Emotional day for Cardinals' Hall of Fame inductees

Emotions got the better of the inductees at the Cardinals Hall of Fame ceremony Saturday at Ballpark Village.

Both Ray Lankford and Vince Coleman, the two living inductees along with Harry Brecheen, had to stop to fight back tears during their speeches.

“Just in that moment, you get a little emotional,” Lankford said. “It was just a great feeling to be up there. It’s like the old days with the fans out there cheering for you. It doesn’t get any better than that.”

“I knew I would cry,” Coleman said. “I remember a month ago starting to write out the speech and I started crying then. And then as I was going over my speech, I always shed a tear.”

The ceremony brought out Baseball Hall of Famers Tony La Russa, Bob Gibson, Whitey Herzog, Bruce Sutter, Ozzie Smith and Lou Brock and Cardinals Hall of Famers Chris Carpenter, Mike Shannon and Willie McGee. The ceremony was preceded by a moment of silence for late Hall of Famer Red Schoendienst, who had some connection with everyone on the stage.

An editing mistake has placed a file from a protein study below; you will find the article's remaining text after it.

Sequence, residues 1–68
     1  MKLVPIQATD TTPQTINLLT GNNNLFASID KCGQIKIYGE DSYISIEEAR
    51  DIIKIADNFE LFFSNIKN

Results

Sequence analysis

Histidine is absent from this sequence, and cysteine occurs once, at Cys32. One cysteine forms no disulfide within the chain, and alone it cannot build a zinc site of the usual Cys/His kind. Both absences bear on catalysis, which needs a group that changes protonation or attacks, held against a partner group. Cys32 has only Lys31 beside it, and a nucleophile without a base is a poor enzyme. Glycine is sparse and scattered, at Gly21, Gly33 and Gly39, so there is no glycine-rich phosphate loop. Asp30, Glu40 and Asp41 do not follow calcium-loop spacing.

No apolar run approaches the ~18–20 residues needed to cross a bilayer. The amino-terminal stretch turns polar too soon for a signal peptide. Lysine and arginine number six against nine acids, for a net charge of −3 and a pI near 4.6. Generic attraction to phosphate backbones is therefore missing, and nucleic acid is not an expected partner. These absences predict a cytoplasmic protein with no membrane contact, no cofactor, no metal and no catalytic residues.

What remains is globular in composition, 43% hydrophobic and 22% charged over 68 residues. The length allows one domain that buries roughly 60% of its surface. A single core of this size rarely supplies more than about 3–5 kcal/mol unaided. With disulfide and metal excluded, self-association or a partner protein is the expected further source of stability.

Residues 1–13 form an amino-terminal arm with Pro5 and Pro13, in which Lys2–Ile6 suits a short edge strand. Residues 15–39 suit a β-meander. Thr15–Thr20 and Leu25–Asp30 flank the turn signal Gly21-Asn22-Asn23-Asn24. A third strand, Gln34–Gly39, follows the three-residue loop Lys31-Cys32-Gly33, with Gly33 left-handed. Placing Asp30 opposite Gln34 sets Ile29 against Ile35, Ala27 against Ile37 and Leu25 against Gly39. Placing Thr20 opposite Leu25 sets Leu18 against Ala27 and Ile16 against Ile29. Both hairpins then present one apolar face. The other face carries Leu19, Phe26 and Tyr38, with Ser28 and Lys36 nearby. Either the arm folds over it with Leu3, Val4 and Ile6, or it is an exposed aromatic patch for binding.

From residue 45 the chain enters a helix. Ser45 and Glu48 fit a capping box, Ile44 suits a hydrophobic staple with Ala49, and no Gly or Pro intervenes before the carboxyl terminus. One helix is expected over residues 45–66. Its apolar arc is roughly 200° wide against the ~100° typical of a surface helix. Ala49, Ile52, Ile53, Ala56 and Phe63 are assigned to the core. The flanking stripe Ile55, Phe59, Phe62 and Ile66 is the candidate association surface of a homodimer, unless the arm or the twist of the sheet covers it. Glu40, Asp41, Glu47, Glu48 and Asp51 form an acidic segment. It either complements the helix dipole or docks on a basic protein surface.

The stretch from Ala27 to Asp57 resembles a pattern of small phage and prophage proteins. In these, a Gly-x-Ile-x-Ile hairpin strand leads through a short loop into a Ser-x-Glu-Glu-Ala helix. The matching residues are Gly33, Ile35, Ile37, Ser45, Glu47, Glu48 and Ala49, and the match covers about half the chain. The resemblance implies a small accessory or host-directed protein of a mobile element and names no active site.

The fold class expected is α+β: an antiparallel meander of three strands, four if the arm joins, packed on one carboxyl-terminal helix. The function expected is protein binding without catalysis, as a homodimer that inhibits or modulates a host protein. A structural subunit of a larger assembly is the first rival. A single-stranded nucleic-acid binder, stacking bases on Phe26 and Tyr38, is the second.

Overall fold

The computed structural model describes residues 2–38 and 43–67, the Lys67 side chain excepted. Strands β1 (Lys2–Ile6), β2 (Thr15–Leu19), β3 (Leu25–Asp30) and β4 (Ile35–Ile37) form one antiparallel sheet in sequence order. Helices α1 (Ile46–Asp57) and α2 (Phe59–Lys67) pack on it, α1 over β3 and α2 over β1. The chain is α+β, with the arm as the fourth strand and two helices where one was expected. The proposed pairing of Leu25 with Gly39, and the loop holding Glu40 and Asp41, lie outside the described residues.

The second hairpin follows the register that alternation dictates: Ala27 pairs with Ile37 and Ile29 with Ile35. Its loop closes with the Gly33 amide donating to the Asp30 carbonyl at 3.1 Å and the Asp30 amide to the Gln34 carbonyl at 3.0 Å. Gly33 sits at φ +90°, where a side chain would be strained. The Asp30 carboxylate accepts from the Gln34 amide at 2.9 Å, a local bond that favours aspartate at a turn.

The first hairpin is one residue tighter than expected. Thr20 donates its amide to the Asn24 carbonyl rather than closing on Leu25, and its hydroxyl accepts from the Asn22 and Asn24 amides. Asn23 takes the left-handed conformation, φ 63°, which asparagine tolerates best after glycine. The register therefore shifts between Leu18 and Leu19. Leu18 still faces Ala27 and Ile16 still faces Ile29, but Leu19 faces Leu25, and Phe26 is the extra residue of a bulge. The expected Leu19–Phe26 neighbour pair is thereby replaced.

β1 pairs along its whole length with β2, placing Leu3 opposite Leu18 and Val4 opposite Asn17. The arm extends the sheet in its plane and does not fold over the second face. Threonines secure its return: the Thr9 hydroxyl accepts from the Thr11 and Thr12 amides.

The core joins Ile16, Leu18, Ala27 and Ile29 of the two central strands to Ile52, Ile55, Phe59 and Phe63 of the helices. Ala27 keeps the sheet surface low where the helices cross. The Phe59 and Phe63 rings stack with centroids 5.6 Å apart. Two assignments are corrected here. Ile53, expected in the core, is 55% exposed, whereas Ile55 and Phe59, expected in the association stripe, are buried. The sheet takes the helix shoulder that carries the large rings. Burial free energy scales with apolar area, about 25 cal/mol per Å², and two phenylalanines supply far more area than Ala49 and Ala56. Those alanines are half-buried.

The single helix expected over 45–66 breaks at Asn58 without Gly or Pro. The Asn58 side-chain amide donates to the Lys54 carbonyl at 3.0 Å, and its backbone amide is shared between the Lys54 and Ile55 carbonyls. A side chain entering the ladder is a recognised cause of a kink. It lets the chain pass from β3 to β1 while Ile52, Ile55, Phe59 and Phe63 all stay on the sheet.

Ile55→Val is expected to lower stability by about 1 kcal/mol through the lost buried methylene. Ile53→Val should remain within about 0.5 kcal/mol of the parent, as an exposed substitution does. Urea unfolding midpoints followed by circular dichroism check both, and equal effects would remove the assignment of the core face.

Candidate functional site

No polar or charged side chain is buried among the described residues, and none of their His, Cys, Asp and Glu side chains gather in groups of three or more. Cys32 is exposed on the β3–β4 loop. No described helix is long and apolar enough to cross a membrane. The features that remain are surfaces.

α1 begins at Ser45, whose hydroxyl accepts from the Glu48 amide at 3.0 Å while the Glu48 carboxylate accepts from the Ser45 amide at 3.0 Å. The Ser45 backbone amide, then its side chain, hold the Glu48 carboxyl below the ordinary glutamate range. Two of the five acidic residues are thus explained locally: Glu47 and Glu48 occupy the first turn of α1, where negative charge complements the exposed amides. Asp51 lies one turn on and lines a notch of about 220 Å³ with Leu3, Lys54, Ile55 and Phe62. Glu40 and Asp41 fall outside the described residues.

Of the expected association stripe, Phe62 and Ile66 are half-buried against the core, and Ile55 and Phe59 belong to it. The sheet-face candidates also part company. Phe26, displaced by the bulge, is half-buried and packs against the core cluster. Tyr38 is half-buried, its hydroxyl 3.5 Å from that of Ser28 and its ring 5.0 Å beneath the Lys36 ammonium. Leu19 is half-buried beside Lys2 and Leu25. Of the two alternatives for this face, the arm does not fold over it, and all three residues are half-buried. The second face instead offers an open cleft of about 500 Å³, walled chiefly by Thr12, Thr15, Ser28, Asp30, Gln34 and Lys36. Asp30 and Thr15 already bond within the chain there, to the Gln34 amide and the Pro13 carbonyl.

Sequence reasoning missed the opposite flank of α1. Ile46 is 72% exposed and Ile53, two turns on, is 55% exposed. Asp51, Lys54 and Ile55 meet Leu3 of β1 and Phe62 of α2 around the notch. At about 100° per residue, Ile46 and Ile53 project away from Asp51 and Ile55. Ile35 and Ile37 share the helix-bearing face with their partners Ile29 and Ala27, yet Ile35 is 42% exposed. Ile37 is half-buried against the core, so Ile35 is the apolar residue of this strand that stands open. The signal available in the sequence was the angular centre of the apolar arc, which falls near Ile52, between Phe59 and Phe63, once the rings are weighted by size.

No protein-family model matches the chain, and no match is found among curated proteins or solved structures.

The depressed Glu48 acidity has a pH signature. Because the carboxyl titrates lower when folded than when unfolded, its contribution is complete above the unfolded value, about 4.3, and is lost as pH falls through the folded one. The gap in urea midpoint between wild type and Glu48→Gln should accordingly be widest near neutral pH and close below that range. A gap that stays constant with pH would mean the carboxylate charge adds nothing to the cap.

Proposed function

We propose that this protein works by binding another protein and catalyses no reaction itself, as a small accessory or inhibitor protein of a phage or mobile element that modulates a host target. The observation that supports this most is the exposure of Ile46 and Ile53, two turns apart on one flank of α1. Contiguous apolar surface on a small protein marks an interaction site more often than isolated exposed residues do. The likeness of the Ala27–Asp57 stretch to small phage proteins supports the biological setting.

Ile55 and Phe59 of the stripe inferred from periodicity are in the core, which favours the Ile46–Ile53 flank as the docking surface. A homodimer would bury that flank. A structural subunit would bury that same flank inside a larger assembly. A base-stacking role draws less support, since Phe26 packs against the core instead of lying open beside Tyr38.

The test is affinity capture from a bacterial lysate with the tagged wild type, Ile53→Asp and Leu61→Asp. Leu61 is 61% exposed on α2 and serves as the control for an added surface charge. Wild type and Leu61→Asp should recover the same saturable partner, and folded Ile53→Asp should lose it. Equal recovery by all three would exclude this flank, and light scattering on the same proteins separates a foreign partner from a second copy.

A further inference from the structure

The entire process has been a big deal for the family of Brecheen, who played his last game with the Cardinals in 1953 and died in 2004. He won three of the four games for the Cardinals in the 1946 World Series and still is in the top 10 in franchise history in wins (128), ERA (2.91) and shutouts (25) but isn’t well known today. Brecheen was represented by his only child, Steven, 63.

“I’m old, my father quite a bit older, and a lot of the people today don’t know him,” he said. “When he was playing you could say ‘Harry the Cat’ and you don’t have to give a last name and they’d know who you’re talking about.

“There’s a lot of guys now who are 75, 80 years old who say ‘I remember your dad playing. I used to listen to him on the radio.’ But you have to be that old. When they called, it was kind of a shock. I’m glad people remember, look back and see what he did. It’s a great honor for the family.”

While both Coleman and Lankford mentioned a lot of players as being instrumental in their development, one person they both paid tribute to was legendary instructor George Kissell.

“He touched a lot of lives,” Lankford said. “A lot of players owe a lot to George. He was one of those guys who took a lot of pride in what he did. He had a lot of knowledge, and we soaked it up.”

View Article Online